Undertones in Afghanistan: ‘Taliban 2.0,’ Women, Resistance

This story is part of Undertones, Global Voices’ Civic Media Observatory‘s newsletter. Researchers are reflecting on their country’s media ecosystems, strongest narratives of the year, and what we can expect in 2023. This week we present Afghanistan. Whenever you click on a narrative, you will be able to see more analysis and related media posts upholding it. Subscribe to Undertones.

The Taliban took control of Afghanistan when the United States and its allies withdrew their troops in August 2021. While thousands were forced to leave the country, millions continue to endure the Taliban regime, which claims that it has changed since it was last in power in the 1990s against all evidence to the contrary.

The Taliban are looking for a spin doctor

Immediately after the Taliban’s overthrow last year, they repealed women’s rights to work and attend schools. In 2022, punishments have been meted out in public squares in strict adherence to their interpretation of Islamic Sharia law. Despite a plethora of reported human rights abuses, the Taliban claim they have changed since they last governed two decades ago. Taliban supporters argue that the “Taliban have changed” and that the current version is a new and upgraded “Taliban 2.0.”

“On TV, they appear well-dressed and speak eloquently to appeal to the international community,” says one of our researchers for Afghanistan, who remains anonymous for security reasons. “It’s as if there are two Afghanistans.”

The regime’s representatives invited to speak to the media are cordial and charming, while those who work on the ground, away from the cameras, are brutal and barbaric, says our researcher. For those who witness what is happening in the streets of Kabul, the “Taliban govern with fear and continue to be as brutal as in the 1990s.

In 2022, the Taliban met with international powers, such as Iran, Qatar, Russia, and the United States. During such conversations in international arenas, the regime adapts its speech according to who they are speaking with, our researcher says.

Many argue that the West “is hypocritical and has double standards for the Taliban,” caring only about whether terrorist activities are planned against the United States or its allies, therefore turning a blind eye to the political, humanitarian, and human rights crises on the ground.

Women in the crosshairs

“Women have been one of the most powerful and brave groups that have challenged the Taliban on the streets, in the media, in restaurants and cafes, and overall, in public spaces,” our researcher says. Women have been punished for it, too, by being kidnapped, raped, tortured, and publicly punished. They have been stripped of their rights and are seen as second-class citizens.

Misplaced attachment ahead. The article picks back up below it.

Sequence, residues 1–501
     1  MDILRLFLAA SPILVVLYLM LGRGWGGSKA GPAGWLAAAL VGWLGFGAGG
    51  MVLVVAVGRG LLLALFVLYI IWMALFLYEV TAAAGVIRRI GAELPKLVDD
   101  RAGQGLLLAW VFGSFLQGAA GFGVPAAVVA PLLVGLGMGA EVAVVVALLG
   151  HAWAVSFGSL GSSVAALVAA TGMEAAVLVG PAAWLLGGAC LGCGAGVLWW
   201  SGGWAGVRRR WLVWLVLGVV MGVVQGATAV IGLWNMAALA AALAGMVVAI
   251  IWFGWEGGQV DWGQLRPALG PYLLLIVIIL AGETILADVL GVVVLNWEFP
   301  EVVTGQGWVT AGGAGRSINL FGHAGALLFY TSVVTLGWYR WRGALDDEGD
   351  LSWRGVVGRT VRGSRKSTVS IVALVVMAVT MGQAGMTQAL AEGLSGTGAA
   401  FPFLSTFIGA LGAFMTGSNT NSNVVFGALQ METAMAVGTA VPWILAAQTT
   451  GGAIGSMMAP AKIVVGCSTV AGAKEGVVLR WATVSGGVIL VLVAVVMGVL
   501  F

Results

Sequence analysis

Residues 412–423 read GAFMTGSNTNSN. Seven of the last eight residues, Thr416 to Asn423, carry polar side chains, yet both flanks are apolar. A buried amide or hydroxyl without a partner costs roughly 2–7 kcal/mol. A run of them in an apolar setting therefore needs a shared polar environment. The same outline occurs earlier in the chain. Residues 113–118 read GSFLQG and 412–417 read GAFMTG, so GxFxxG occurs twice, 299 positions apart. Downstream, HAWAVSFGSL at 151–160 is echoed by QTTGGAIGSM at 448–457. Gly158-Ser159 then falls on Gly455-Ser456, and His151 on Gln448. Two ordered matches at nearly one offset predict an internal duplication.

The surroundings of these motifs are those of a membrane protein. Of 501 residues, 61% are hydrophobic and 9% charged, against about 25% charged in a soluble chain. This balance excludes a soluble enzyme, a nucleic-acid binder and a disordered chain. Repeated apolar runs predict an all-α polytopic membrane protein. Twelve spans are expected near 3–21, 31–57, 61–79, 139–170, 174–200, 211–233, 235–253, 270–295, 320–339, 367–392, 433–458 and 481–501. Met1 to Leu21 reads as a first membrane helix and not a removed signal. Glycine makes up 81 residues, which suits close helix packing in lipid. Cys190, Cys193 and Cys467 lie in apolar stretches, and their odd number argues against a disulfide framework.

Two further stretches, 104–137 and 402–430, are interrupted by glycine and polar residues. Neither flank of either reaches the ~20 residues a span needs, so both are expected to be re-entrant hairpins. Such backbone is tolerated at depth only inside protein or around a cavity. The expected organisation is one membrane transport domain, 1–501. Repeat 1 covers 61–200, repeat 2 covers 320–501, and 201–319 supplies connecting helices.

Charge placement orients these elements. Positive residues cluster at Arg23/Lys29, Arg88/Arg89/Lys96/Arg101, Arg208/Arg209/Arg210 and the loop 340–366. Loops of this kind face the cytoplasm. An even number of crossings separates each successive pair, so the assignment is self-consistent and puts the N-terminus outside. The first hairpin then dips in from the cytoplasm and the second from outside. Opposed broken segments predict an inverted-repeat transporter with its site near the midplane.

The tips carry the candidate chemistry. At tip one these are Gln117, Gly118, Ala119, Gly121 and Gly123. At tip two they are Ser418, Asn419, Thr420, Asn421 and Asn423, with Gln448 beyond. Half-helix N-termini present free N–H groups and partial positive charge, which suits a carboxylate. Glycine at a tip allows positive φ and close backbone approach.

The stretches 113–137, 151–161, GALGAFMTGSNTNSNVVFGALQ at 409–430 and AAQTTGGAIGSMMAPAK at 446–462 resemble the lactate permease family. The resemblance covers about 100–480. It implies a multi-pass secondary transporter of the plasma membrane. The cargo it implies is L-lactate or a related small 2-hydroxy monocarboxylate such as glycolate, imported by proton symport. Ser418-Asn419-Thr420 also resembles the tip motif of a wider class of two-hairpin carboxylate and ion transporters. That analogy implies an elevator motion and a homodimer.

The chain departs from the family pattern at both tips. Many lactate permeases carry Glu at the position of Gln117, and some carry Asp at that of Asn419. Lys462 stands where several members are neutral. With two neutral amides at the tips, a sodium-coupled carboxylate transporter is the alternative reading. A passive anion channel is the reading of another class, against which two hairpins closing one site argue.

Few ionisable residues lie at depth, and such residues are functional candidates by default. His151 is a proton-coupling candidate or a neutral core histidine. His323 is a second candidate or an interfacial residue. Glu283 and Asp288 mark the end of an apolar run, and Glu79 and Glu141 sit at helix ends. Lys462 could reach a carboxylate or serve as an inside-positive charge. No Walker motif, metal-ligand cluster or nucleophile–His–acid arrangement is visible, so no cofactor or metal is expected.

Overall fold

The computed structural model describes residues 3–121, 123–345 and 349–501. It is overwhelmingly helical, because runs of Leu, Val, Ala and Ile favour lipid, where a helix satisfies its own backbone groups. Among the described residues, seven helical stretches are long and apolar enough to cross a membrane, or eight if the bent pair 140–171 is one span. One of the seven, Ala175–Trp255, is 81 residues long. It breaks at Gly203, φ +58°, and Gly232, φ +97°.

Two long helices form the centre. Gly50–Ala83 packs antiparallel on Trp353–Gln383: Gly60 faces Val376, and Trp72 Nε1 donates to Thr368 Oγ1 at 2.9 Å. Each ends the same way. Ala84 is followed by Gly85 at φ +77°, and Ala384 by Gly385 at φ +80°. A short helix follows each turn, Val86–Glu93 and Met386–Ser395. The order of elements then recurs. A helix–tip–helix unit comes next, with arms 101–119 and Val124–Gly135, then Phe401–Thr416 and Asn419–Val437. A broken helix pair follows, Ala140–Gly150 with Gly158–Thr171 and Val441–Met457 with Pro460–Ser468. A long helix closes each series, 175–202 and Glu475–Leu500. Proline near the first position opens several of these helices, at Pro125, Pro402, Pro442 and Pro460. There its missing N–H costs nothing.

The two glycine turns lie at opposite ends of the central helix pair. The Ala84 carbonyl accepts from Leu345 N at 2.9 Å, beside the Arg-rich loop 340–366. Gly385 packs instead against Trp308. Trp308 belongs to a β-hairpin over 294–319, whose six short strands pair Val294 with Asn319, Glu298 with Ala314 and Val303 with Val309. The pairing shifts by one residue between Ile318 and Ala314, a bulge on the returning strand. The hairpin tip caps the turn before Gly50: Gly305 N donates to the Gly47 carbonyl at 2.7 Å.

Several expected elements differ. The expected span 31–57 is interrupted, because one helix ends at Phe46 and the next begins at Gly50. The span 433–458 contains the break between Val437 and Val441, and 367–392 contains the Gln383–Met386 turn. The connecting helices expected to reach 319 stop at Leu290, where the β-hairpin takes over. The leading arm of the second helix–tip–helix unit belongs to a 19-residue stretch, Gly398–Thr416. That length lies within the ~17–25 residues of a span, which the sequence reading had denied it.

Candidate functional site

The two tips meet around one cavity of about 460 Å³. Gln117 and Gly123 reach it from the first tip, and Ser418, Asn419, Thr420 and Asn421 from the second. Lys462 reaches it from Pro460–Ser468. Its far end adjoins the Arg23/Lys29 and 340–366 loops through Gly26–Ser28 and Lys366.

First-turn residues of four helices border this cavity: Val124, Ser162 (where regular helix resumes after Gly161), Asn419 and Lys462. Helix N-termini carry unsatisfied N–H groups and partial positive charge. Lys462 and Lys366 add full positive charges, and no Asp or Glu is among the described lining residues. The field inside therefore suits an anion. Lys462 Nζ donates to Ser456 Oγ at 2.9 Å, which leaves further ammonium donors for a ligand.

On December 20, the Taliban banned women from universities. The schools remain closed for girls; women are still required to fully cover themselves, and any sign of rebellion is violently squashed.

Women have been setting up complex communications networks through WhatsApp to communicate with other women abroad and shed a light on what is happening in Afghanistan. They proclaim that “Afghan women will not bow down to the Taliban's evil regime.”

However, things do not look good for them heading into 2023, predicts our researcher, pointing out that the Taliban have been increasingly brazen about public punishments. “They are showing their true colors in this public show of force,” our researcher adds. Men are also victims of flogging.

For the Taliban and their supporters, a very popular narrative has been: “Women who protest in Afghanistan have been corrupted by exposure to western values.” This narrative has been driven by the fact that many women have started to actively participate in civic society and the economic life of the country in the decades following U.S. intervention.

See our story solely focused on Taliban narratives about Afghan women.

Resistance in the north

The Taliban – a predominantly Pashtun fundamentalist Islamic movement – were in control of Afghanistan from 1996 to 2001. Other ethnic groups are particularly at risk of violence.

Andarab and Panjshir, two mountainous regions north of Kabul, became resistance hotspots after the takeover last year. For these rebel factions, led by ethnic minorities, “resistance against the Taliban is the only option left.”

The guerrilla-like groups are multiple: some are famous, such as the National Resistance Force, others are formed by former military members, and yet others are faceless. They share one goal: they claim to protect their land against a brutal occupier forcing a way of life that is not theirs. These groups are different from Daesh (Islamic State of Iraq and the Levant), which is also present in Afghanistan, pushing for its own totalitarian agenda.

The Taliban launched several military expeditions to crush the resistance, but they have not succeeded. Because of cold weather, these strongholds of resistance have scaled down for now. Spring is usually a time for an uptick in fighting.

Taliban supporters argue that resistance movements’ main goal is partition based on ethnicities, arguing that “resistance movements are dividing Afghanistan” and should not be allowed. Or, going further, they assert that the “Taliban invasion has brought peace to Afghanistan’s power struggles.”

Our researcher says that 2023 will be decisive for these rebel groups. There are three scenarios possible: a powersharing formula with the Taliban, which is what the international community has been putting forward, a weakening of rebel forces, or their strengthening thanks to foreign support.

“Will rebel groups be able to put up a proper resistance or be completely subdued by the Talibs?,” they ask.

Other noteworthy narratives that are circulating in Afghanistan:


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